Posts in the 10 Days of Christmas series
- 10 Days of Christmas: Rulers from their Thrones
- 10 Days of Christmas: Matthew 1
- 10 Days of Christmas: Mary and her Donkey
- 10 Days of Christmas: Of The Father’s Love Begotten
- 10 Days of Christmas: The Kenosis
- 10 Days of Christmas: Mary Ponders
- 10 Days of Christmas: The Meaning of It All
What an absurd celebration we have embraced to remember the incarnation.
We celebrate by filling up. Calendars, full. CD players, full. Gift lists, full. Credit cards, full. Belly, full. Every moment of this season is dedicated, months in advance, to being filled up. Not all of the filling up things are bad things – time with friends and family are good things, gifts given out of selflessness and friendship are always a good thing.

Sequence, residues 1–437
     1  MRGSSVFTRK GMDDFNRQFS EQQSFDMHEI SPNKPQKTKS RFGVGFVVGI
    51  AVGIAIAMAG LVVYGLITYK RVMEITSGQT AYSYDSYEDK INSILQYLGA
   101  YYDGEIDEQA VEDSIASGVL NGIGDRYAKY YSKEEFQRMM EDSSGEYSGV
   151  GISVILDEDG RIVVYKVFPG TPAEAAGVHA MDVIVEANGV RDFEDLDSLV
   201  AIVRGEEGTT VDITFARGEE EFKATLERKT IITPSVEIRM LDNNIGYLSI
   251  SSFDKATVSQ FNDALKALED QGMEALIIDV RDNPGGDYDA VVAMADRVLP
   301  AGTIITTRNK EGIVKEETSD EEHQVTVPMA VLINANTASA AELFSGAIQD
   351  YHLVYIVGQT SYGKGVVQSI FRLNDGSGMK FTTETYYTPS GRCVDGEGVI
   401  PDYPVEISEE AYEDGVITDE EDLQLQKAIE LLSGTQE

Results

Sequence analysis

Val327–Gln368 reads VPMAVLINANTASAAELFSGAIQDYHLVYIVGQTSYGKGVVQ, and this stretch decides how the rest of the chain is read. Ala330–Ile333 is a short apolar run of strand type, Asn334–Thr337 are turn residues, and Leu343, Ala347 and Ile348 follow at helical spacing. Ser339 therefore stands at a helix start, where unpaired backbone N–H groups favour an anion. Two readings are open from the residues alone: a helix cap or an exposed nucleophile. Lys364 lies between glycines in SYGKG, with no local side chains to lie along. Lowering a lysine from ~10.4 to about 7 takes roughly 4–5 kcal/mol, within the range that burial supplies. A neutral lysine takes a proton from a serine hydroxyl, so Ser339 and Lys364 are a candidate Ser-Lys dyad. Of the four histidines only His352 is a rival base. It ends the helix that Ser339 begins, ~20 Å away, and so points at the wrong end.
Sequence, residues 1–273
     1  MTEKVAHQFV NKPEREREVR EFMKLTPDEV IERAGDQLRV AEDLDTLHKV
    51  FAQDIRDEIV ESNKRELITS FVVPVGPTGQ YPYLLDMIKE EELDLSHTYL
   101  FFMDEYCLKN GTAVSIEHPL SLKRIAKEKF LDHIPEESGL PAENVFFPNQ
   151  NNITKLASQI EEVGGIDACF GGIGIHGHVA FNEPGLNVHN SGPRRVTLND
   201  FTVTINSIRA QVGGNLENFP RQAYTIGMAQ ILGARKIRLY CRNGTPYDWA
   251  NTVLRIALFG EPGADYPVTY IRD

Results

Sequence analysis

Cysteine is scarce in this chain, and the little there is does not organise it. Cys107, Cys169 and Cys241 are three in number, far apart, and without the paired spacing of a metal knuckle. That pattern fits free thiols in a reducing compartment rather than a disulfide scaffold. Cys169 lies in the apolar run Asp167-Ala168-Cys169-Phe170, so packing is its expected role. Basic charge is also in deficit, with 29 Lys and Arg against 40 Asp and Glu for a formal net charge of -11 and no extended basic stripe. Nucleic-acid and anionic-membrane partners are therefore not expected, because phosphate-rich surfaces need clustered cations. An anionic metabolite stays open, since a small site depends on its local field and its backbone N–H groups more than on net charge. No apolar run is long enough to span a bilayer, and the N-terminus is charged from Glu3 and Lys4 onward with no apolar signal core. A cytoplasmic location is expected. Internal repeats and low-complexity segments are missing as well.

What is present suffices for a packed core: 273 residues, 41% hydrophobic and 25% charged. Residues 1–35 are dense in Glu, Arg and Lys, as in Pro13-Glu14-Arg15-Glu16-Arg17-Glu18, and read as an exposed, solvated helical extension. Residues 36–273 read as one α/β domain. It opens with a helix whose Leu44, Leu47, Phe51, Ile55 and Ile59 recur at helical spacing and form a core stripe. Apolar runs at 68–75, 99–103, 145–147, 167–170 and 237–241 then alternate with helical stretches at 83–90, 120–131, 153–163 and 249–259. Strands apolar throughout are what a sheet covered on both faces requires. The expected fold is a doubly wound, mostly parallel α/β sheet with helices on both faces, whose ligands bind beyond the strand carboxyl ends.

But taken all-together, the result is a season that is every moment filled up, without a second to breathe, and no time to think or reflect.
What an absurd way to celebrate the incarnation. I wish we could push all of that to Easter, the great celebration. Let’s move our Lenten fast to Christmas, and celebrate the incarnation by imitation.
Who, being in very substance God, did not consider his divine prerogatives as things to be gripped tightly, but emptied himself. Made himself nothing. Humbled himself.
This is the Christmas story that has captured me. The folding down of the divine person into the frail and corruptible human story, the setting aside of every perfect glory to take up this mundane flesh. All the redeeming that is to come begins in that moment.
Christmas is the great emptying out.
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Next in series: 10 Days of Christmas: Mary Ponders